Greetings fellow golfers.
The beginning…my father, Ray Watson, started my life of golf in 1955 at age six. He put a cut-down, hickory-shafted 5 iron in my hands and immediately taught me the correct grip and stance. A scratch handicap player, Dad loved golf with genuine passion which he instilled in me throughout our many years together. I was a very lucky kid to have a dad who knew and loved the game as well as he did, and who was willing to teach me this game so early in my life.
I grew up with the game, started playing in competition at an early age, and after four years attending Stanford University turned professional in the summer of 1971. I had won a few amateur tournaments but nothing on a national scale, so in turning professional my future was an unknown for me. How would I do? I really didn’t know. I did know I had some of the necessary tools, such as hitting the ball high and far, and I considered myself a good chipper and putter.
I was fortunate to qualify for the PGA Tour on my initial attempt, but once out on Tour there was quite a lot of uncertainty. Could I make the 36 hole cut so I didn’t have to qualify with the other rabbits the next Monday just to get in that week’s tournament? Could I ever break par on these tough pro courses? Could I succeed in any way? Questions…questions.
I certainly didn’t have the answer to any of those questions, so I chose the one avenue for success that I knew would give me my best chance of finding answers: work harder than anyone else out there. That meant practicing harder and longer than anyone else. As Ben Hogan said, you find “it” out on the range. If I worked as hard as I was able, I would know whether or not I had the skills to be a successful professional golfer. If this plan failed, I would have given my best, my ultimate, and I would still be young enough to pursue another career.
So I worked and practiced constantly to improve my game, until dark on many days, and sometimes on into the dark to improve my feel when I couldn’t see the ball. I was looking for “it,” trying to figure “it” out.
That “it” was fleeting, but I began to get “it” for stretches of holes and sometimes entire rounds. I eventually reached the point of contending for victory, but that first victory was elusive. I failed on several occasions when I had the chance to win. After a few years of failing and deserving the choker moniker, I finally got the hang of “it” and had my breakout year in 1977 when I won both the Masters and The Open at Turnberry beating the very best player in the game, my friend and adversary Jack Nicklaus. I continued on this hot streak for several more years savoring many wonderful victories in The Masters, US Open, The Open, plus a number of other victories both at home and abroad.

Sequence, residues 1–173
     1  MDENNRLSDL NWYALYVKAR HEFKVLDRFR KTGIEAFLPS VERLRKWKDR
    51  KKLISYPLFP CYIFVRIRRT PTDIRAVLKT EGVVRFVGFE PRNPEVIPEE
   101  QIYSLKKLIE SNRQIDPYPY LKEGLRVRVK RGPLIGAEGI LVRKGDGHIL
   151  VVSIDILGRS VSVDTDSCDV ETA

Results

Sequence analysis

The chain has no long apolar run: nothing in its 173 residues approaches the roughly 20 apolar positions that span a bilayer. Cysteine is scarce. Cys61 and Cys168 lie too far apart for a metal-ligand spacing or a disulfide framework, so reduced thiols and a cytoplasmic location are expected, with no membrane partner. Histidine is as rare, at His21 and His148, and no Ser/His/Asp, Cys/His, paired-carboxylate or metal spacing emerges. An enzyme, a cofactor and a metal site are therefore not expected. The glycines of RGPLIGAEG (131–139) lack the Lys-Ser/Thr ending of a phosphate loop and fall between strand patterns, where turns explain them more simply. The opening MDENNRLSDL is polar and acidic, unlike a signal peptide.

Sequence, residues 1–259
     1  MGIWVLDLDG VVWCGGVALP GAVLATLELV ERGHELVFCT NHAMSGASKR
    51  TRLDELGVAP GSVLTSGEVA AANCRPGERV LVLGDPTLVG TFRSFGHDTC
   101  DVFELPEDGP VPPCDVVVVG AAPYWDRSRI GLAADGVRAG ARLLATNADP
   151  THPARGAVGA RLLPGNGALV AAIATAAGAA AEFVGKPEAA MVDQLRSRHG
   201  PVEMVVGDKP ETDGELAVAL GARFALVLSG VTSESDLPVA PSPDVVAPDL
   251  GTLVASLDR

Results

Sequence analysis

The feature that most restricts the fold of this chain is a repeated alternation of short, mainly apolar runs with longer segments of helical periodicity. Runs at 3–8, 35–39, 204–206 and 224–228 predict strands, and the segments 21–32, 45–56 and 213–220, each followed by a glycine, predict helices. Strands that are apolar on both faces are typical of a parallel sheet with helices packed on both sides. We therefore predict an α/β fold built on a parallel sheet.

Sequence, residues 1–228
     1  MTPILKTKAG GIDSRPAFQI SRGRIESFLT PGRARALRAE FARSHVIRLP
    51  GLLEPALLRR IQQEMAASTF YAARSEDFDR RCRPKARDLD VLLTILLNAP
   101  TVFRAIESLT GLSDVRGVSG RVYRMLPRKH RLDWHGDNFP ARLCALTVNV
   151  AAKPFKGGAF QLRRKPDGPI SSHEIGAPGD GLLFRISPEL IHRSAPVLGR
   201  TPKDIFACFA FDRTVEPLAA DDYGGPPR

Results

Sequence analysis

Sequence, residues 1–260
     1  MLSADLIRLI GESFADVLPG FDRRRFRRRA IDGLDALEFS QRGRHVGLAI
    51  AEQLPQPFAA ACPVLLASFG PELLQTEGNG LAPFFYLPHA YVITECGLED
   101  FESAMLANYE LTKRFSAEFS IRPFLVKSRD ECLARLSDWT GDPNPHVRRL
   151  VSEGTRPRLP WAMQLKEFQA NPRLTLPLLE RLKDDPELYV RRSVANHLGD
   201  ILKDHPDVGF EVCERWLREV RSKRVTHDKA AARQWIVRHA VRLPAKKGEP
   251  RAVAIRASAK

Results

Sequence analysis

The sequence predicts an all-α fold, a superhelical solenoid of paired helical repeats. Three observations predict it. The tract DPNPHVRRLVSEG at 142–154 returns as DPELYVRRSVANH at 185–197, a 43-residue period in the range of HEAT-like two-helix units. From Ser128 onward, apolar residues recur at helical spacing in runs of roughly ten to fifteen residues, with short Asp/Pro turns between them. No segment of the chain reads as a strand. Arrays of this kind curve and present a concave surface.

This streak of good play ended rather abruptly in 1985 as I struggled to find “it” again for several more years. I found “it”, this time for good, in 1994 which allowed me to win late into my 40’s and on into my 50’s and 60’s on the Champions Tour. It’s been a long career of highs and lows. I feel fortunate to have won as many as I have.
Now I want to pass along the answer to the question asked of me most frequently: “Which of all your victories do you savor the most?” Which one most satisfied my competitive spirit and was my number one all time favorite?
It was NOT winning the tournament I wanted to win most: the 1982 National Open at Pebble Beach, my favorite golf course on the planet, with a pretty lucky chip shot to again beat out Jack. And it wasn’t winning the ’77 Open at Turnberry. Nor was it any of the six other major championships I have been fortunate enough to win. It wasn’t even my first victory as a pro in the 1974 Western Open…no, it was none of these.
My most memorable victory wasn’t even a professional victory.
It occurred on the same Saturday on which Ken Venturi struggled valiantly in the June summer heat of Washington, DC, to win the 1964 National Open at Congressional Country Club. I was 14 years old, playing in the finals of the Kansas City Men’s Match Play Championship, on a similarly hot summer day against a man twice my age – Bob Devine. He had me three down after 19 holes, but I came back to prevail 4&2 winning on a conceded par putt. Winning against the men who were two and three times my age changed my life right then and there.
I now knew what I was wanted to do for the rest of my life. My dreams of becoming an Arnie or Jack, a Bobby or Billy, a Gene or Stan became focused with that victory. My life’s ambition was set: I was going to be a professional golfer.
After I won, the understated pride of my father was palpable as he hugged me and simply said “Well done, son.” This victory when I was just 14-years-old was indeed a life-affirming moment and will always be the one victory I will cherish the most.
Bet none of you expected this!